you, Citizens Tribunes, we do not wish the triumph of equality and public liberty, the return of the Bourbons; because we do and preseni to the nation and to the govern. not wish a counter-revolution, which is the ment the double guarantee they are in want cnly benefit we could derive from those op of --We have been constanıly guided by foriunale exiles who have carried with ihem This grand eroth, that the sovereignty resides despotism, nobility, feudal tyranny, slavery, in the French people, in the sense that every and ignorance, and wbo, still to augment thing, without exception, ought to be done their crimes, have encouraged the hope, that for its interest, its bappiness, and its glory. a return to France inight be found by the It is in order 10 attain ibis end, that the soway of England. -- Like you, Citizens Tri preme Magistracy, the Senate, the Council bunes, we wish to raise a new dynasty, be of Siate, the Legislative Body, the Elecioral cause we wish to secure to the French peo. | Body, ihe Electoral Colleges, and the difple all their rights which they bave recon ferent branches of the Administration, are quered, and wbich the folly of their enemies and ought to be insituted.---- Jo proporwould lake from them. Like you, Citizens tion as I fix my attention upon these great Tribunus, we wish liberty, equality, and objects, I am still more convinced of the
verity of those sentiments which I have ex- | rights they are appointed to protect. pressed to you, and I feel more and more Having recalled the past, examined the prethat in a circumstance as new as it is im- | sent, and cast its looks towards the future, portant, the councils of your wisdom and it now presenıs to you the wish imposed on experience were necessary to enable me to it by the safety of the state. The French 'fix my ideas.-- I request you then to make | have conquered liberty ; they wish to preknown to me the whole of your thoughts. | serve their conquest; they wish to enjoy re- -The French people can add nothing to pose after their victory. - For this glorious the honour and glory with which it has sur- repose they will be indebted to the heredirounded me, but the most sacred duty for tary government of a single individual, who, me, as it is the dearest to my heart, is to elevated above all, invested with great powsecure to its latest posterity "hose advantages er, surrounded by splendour, glory, and wawhich it has acquired by a revolution that jesty, will delend public liberty, maintain has cost it so much, particularly by the sa equality, and lower his fasces before the socrifice of those millions of brave citizens vereign will of the people who proclaim who have died in defence of their rights. I him, ---It is this government which the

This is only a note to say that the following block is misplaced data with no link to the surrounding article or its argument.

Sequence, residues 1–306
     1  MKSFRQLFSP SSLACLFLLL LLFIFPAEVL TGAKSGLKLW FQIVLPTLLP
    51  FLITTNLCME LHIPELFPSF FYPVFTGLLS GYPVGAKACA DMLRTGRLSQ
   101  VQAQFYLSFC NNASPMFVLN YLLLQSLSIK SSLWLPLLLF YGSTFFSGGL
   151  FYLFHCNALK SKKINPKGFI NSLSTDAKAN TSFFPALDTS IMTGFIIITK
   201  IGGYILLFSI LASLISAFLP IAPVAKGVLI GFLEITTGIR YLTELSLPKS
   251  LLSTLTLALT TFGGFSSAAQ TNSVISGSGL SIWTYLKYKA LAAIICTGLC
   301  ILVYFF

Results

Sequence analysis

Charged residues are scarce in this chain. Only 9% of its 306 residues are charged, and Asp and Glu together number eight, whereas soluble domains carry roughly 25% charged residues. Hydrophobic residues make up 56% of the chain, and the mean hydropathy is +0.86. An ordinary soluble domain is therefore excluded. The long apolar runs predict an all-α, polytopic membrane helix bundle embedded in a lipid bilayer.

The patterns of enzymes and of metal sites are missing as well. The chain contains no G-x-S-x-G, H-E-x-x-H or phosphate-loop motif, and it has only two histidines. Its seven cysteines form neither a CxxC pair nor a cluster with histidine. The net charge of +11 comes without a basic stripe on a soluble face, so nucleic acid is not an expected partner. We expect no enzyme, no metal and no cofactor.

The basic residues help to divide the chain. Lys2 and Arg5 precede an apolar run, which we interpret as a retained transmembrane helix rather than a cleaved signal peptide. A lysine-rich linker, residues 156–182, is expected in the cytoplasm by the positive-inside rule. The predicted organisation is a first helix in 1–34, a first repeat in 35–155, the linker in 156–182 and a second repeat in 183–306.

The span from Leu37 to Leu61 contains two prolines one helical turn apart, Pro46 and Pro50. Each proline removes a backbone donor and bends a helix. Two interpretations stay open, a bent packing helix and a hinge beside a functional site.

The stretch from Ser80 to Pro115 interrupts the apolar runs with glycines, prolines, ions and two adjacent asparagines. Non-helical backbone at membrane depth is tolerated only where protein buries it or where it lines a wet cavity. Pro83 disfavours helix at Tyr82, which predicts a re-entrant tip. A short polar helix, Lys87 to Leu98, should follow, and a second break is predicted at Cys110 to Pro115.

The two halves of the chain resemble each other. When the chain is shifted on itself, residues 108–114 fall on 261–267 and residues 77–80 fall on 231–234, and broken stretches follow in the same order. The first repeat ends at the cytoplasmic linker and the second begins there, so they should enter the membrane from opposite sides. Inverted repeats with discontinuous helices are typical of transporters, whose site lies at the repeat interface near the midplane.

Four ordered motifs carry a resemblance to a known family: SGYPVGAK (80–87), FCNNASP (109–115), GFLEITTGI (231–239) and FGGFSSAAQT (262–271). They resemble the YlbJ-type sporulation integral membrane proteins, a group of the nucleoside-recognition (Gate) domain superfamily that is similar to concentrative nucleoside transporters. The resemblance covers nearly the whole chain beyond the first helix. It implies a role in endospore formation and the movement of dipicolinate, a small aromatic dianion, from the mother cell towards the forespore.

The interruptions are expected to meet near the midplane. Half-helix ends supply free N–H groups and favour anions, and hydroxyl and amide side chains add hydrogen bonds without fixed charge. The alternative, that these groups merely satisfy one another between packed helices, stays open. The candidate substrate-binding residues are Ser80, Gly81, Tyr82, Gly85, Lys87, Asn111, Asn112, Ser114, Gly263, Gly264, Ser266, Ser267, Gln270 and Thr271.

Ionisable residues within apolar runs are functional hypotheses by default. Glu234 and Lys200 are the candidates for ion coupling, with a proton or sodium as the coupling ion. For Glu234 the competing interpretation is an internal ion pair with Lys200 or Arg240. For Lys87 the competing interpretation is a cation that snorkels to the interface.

I desire that I might declare to you, on French nation wished to give itself in the the 14th July, in the present year. Fifteen happy days of the year 1789, the recollecyears have past since, by a spontaneous tion of which will be for ever dear 10 the movement you ran to arms, you acquired friends of the country, whom the noble enliberty, equality, and glory. These first thusiasm which the image alone of this go. blessings of nations are now secured to you vernment created, was involuntarily shared for ever, are sheltered from every tempest, even by those whosc interests were hurt by they are preserved to you and to your chil. the revolution, and against which a perfididren: institutions conceived and began in ous foreigner dared to lift up from afar his the midst of the storms of interior and ex parricide hands, and in which the experiterior wars, developed with constancy, are ence of ages, the reason of statesmen, the just terminated in the noise of the attempts genius of philosophy, and the love of humaand plots of our most mortal enemies, by nity, inspired the representatives whom the the adoplion of every ihing which the ex nation had chosen.--It is this government, perience of centuries and of nations has de limited by the law which the greatest gemonstrated as proper to guarantee the rights nius of Greece, the most celebrated orator which the nation had judged necessary for of Rome, and the greatest statesmen of the its dignity, its liberty, and its happiness. 18th century, declared to be the best of all.